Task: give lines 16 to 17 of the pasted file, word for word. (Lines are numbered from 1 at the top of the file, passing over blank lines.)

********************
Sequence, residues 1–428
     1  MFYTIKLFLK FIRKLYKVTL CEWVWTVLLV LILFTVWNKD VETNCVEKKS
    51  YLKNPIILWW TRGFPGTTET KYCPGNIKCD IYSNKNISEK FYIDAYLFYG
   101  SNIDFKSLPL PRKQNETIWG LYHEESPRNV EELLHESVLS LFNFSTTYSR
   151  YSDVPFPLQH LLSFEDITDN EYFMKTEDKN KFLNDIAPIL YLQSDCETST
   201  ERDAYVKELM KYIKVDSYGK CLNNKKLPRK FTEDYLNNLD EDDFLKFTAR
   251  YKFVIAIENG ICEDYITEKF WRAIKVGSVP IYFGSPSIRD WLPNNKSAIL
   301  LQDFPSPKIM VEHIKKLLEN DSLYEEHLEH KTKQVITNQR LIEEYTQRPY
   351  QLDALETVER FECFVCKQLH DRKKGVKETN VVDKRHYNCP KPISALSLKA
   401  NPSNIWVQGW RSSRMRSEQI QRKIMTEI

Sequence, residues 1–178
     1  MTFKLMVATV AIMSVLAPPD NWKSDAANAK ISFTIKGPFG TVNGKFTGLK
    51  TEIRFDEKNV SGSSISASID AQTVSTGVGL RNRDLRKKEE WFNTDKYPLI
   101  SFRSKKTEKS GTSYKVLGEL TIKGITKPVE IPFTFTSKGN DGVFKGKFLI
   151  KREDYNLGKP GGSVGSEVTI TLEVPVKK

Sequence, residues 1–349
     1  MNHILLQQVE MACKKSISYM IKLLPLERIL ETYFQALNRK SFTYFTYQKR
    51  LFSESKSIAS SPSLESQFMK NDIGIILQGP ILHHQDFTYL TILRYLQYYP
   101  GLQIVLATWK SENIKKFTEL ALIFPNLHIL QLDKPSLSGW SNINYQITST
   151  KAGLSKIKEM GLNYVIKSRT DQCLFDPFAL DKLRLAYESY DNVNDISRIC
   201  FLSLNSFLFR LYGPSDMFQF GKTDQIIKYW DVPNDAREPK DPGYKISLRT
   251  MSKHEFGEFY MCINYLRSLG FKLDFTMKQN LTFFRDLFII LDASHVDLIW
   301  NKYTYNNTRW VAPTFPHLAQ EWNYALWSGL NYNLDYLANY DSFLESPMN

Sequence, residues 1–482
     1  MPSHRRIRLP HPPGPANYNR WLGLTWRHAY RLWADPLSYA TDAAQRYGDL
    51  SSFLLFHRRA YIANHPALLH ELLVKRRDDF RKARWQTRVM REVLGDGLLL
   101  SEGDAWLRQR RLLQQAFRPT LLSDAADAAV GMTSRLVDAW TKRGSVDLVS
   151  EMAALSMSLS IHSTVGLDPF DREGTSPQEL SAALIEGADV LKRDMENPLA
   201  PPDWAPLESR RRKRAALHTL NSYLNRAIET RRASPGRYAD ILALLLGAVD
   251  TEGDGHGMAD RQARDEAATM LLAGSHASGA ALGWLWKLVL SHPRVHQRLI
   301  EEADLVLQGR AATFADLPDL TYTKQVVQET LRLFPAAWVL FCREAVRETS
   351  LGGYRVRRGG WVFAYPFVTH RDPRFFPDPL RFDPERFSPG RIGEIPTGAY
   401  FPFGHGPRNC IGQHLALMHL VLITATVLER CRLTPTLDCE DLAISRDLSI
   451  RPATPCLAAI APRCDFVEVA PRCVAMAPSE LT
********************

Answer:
Sequence, residues 1–349
     1  MNHILLQQVE MACKKSISYM IKLLPLERIL ETYFQALNRK SFTYFTYQKR